Every week, millions of Americans tune in to watch their favorite football teams fight it out. We cheer as Peyton Manning throws for 7 touchdowns, and cringe as David Wilson fumbles a carry…again. It’s easy to think of these players as larger-than-life figures. Then the stories start to come out:
- 2005: Former Pittsburgh Steelers offensive lineman Terry Long commits suicide (aged 45)
- 2006: Former Philadelphia Eagles defensive back Andre Waters commits suicide (aged 44)
- 2008: Former Houston Oilers linebacker John Grimsley dies of an accidental gunshot wound (aged 45)
- 2011: Former Phoenix Cardinals safety Dave Duerson commits suicide (aged 50)
- 2012: Former Pittsburgh Steelers guard Ralph Wenzel dies as the result of dementia-related complications (aged 69)
- 2012: Former Atlanta Falcons safety Ray Easterling commits suicide (aged 62)
- 2012: Former New England Patriots linebacker Junior Seau commits suicide (aged 43)
What do these men have in common? All suffered from neurodegenerative diseases as the result of repeated head trauma sustained during their professional careers.
At the end of August, the National Football League agreed to the largest settlement that any pro sports league has ever awarded its players for the long-term injuries they suffered while playing the sport. The NFL will pay $765 million to assist those affected by Chronic Traumatic Encephalopathy (CTE), Amyotrophic Lateral Sclerosis (ALS), or similar neurological problems and to fund related research and education. Unfortunately, that money may not last.
In a 2009 article, Sports Illustrated reported that nearly 80% of NFL players go bankrupt or face financial difficulties within the first two years of their retirement. The authors contend that most of the athletes have little experience budgeting, and/or they trust the wrong people to manage that money and equate their experiences to those of lottery winners.
The reality is that when it comes to the concussion settlement, the players and their families will face the same issues that plague any other person who receives a large settlement:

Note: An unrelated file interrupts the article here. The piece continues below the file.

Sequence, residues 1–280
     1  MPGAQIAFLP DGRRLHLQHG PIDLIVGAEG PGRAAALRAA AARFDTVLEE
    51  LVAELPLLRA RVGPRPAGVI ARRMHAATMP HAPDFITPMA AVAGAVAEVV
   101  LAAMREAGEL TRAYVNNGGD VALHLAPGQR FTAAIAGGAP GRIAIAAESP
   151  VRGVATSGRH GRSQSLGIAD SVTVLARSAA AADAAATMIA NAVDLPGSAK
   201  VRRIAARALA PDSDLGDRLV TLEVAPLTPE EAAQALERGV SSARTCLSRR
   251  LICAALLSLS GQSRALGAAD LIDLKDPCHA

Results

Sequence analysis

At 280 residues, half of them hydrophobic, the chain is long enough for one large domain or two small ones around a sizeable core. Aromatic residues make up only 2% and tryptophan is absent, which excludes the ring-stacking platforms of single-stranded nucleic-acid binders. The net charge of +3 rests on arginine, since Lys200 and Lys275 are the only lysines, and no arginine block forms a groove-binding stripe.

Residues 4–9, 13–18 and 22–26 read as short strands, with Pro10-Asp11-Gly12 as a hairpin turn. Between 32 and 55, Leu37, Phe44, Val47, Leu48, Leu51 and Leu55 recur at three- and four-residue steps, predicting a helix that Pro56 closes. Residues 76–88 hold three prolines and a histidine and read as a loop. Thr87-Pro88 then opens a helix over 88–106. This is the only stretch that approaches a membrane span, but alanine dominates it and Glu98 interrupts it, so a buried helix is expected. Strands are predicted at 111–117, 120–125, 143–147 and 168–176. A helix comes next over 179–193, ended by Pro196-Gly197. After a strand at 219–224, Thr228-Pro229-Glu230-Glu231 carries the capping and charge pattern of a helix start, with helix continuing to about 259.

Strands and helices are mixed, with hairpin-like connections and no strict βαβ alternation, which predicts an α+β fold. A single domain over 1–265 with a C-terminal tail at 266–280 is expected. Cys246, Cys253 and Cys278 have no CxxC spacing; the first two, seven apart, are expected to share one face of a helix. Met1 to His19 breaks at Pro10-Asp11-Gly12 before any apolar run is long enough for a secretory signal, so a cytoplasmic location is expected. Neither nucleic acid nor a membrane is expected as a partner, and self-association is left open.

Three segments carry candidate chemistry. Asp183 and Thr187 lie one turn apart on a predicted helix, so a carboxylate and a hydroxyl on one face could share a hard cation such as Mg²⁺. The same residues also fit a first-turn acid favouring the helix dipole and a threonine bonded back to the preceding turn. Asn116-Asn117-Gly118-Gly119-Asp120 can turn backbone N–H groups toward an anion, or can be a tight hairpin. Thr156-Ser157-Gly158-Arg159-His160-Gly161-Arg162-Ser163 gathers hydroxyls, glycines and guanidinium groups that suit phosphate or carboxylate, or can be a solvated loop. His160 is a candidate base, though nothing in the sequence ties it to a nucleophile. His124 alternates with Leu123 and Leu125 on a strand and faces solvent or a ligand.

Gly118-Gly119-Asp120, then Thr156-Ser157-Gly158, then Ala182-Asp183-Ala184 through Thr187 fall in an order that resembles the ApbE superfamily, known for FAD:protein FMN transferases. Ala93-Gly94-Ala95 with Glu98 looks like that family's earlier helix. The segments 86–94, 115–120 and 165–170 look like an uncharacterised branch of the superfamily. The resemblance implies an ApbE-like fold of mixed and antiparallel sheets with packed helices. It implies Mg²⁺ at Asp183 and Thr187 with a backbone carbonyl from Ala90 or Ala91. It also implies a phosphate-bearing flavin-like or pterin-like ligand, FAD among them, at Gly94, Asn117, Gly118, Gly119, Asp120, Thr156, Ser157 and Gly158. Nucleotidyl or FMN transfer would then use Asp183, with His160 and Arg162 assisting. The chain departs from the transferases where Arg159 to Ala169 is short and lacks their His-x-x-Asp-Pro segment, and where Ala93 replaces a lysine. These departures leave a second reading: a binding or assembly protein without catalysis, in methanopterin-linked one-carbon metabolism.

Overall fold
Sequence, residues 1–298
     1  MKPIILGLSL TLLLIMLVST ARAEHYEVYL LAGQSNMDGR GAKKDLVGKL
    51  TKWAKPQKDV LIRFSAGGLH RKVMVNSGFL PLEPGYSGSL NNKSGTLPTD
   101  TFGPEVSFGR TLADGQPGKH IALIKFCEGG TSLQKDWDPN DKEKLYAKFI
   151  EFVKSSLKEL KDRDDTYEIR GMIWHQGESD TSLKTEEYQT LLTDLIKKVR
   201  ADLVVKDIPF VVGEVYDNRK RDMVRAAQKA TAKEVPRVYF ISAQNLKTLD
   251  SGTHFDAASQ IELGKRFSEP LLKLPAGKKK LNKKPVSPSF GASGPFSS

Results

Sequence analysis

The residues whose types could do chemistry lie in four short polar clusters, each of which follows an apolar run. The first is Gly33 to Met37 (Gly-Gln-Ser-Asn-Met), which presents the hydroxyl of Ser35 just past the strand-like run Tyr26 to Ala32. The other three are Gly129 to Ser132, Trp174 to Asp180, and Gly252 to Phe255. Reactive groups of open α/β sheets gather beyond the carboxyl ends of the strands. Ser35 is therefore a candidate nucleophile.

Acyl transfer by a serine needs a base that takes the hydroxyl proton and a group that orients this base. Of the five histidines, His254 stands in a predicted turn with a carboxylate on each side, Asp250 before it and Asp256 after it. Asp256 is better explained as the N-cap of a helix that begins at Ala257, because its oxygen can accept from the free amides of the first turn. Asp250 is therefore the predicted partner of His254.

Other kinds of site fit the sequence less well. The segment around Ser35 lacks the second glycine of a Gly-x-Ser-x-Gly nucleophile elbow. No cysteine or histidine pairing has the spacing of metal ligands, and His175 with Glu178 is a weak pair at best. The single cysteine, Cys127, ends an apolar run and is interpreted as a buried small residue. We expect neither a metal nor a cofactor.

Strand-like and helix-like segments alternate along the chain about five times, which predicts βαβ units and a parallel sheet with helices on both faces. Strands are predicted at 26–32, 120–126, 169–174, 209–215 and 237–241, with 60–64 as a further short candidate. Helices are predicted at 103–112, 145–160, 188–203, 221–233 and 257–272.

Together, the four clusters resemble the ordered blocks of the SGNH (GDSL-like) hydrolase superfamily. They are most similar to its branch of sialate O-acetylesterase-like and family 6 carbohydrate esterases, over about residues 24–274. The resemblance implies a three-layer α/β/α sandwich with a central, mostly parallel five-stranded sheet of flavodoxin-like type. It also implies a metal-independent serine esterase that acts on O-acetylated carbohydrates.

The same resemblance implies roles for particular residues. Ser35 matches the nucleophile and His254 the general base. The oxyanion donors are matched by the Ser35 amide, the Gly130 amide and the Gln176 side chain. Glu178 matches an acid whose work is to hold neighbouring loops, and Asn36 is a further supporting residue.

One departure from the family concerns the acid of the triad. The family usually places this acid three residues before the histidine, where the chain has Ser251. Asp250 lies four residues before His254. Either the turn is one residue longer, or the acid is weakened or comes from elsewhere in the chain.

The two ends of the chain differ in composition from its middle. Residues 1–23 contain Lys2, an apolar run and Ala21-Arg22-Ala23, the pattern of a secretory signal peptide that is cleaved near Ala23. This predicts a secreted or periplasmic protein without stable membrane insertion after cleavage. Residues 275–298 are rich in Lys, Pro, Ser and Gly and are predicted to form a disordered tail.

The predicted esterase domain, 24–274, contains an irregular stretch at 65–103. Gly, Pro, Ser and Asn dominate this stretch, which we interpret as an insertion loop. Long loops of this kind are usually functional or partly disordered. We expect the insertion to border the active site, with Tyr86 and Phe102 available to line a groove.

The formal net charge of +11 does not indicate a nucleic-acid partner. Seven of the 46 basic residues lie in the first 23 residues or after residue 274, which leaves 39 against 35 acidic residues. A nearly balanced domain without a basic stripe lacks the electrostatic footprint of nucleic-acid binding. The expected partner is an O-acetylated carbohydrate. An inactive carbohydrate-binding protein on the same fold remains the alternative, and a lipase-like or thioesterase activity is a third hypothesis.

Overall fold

- Taxes and fees
- Healthcare costs
- Lending/giving money to loved ones
- Risky investments
- Spending to “treat” pain and anguish
- Purchasing expensive items/property
The key—as it is with any client—is for the attorney use a trusted expert to coach the client about how to create a settlement plan. That process of education is critical long before the settlement funds arrive. It’s not just about investing the money properly—it is about ensuring that their medical needs will be covered, that the client reaps the benefits of potential tax advantages, and that they retain as much of the settlement as possible. It is about bringing a trusted advisor in who will do what’s best for the injured player and who will make the process as easy as possible for all involved.
The settlement that these players and their families have fought for was intended to provide support them as they face the consequences of life-altering neurological injuries. For the widows, it is meant to somehow compensate for their devastation. It should last.
A West Point graduate where he served as captain and military aviator, John Bair continues his commitment to our country through his efforts within the settlement planning industry. He has represented families of victims lost in the Flight 3407 crash, offered pro bono services to the families of 9/11 victims and drafted the first consumer protection bill for plaintiffs (H.R. 3699).